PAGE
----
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Logo of nihpaAbout Author manuscriptsSubmit a manuscriptHHS Public Access; Author Manuscript; Accepted for publication in peer reviewed journal;
 
Am J Cardiol. Author manuscript; available in PMC 2017 September 15.
Published in final edited form as:
PMCID: PMC5021572
NIHMSID: NIHMS798776

Impact of Stress Cardiac Magnetic Resonance Imaging on Clinical Care

Abstract

Given the rising costs of imaging, there is increasing pressure to provide evidence for direct additive impact on clinical care. Appropriate use criteria (AUC) were developed to optimize test-patient selection, and are increasingly used by payers to assess reimbursement. However, these criteria were created by expert consensus with limited systematic validation. The aims of this study were therefore to determine: 1) rates of active clinical change resulting from stress cardiovascular magnetic resonance (CMR) imaging; and 2) whether the AUC can predict these changes. We prospectively enrolled 350 consecutive outpatients referred for stress CMR. Categories of “active changes in clinical care” due to stress CMR were pre-defined. Appropriateness was classified according to the 2013 AUC. Multivariable logistic regression analysis was used to identify factors independently associated with active change. Overall, stress CMR led to an active change in clinical care in about 70% of patients. Rates of change in clinical care did not vary significantly across AUC categories (p=0.767). In a multivariable model adjusting for clinical variables and AUC, only ischemia (OR 6.896, 95% CI 2.637–18.032, p<0.001), known CAD (OR 0.300, 95% CI 0.161–0.559, p<0.001), and age (OR 0.977, 95% CI 0.954–1.000, p=0.050) independently predicted significant clinical change. In conclusion, stress CMR made a significant impact on clinical management, resulting in active change in clinical care in about 70% of patients. AUC categories were not an independent predictor of clinical change. Clinical change was independently associated with presence of ischemia, absence of known CAD, and younger age.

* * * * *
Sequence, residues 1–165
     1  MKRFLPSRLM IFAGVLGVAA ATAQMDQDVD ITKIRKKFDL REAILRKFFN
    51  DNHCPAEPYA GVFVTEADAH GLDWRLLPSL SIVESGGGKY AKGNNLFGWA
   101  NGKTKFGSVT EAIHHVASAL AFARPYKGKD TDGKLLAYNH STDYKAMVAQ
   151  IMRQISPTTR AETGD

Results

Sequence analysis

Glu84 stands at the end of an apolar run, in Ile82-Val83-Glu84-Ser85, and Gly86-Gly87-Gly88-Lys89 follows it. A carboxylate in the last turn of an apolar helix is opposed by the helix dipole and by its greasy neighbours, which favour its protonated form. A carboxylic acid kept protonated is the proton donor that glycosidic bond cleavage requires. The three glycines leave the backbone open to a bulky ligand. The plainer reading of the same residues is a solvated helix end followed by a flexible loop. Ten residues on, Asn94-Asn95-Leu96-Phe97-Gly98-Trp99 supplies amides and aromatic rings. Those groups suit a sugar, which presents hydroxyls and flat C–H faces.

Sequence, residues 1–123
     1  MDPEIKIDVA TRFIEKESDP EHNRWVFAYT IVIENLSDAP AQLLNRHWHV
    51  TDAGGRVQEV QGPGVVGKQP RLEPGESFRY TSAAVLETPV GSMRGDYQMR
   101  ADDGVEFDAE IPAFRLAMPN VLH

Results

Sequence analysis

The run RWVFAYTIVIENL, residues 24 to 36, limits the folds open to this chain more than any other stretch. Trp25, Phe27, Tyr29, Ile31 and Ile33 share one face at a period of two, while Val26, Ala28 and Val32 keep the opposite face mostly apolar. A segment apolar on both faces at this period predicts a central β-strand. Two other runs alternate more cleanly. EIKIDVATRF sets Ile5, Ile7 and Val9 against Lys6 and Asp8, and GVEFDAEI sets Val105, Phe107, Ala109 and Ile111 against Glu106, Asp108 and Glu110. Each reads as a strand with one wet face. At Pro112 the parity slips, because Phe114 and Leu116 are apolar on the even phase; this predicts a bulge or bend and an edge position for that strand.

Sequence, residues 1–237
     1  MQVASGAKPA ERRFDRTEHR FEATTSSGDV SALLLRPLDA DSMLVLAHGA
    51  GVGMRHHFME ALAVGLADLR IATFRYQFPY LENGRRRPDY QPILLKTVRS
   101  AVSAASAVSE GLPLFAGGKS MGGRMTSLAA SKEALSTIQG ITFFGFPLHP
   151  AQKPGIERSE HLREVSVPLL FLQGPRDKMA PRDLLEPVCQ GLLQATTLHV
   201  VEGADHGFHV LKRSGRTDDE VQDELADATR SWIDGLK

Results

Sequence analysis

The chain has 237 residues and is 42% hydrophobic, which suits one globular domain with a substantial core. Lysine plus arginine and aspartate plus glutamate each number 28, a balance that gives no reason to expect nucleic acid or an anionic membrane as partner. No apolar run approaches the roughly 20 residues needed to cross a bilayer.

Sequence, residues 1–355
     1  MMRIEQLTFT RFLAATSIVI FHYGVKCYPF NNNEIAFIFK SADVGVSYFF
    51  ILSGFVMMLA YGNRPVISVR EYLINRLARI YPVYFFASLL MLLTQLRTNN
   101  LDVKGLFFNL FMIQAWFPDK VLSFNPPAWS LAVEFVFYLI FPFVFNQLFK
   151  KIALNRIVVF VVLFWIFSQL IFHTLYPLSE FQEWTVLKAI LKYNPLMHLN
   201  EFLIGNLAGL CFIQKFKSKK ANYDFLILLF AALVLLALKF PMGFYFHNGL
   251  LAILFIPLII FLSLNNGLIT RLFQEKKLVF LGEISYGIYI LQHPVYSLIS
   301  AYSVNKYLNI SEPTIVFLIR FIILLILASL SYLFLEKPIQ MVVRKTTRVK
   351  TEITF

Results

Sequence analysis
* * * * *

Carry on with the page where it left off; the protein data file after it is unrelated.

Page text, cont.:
Keywords: Cardiovascular magnetic resonance imaging, stress testing, appropriate use criteria

INTRODUCTION

The appropriate use criteria (AUC) for stress cardiac-magnetic-resonance (CMR) have recently been published as part of a multimodality approach to detection and risk assessment of stable ischemic heart disease1. These criteria were created by expert consensus with limited systematic validation210 – particularly for CMR. We recently reported downstream utilization rates of angiography and revascularization procedures after stress-CMR, based on the most recent AUC11. However, stress CMR routinely provides significant information beyond ischemia assessment12, 13. We therefore hypothesized that the overall clinical impact of stress-CMR may extend beyond just angiography and revascularization procedures to other aspects of patient management and care14. Moreover, given that the purpose of the AUC is to optimize test-patient selection, one might expect it to predict active change in clinical management resulting from the test15. The aims of this study were therefore: 1) to determine overall rates of active clinical change resulting from stress CMR in the outpatient setting; and 2) to determine whether the AUC can predict these rates of active change.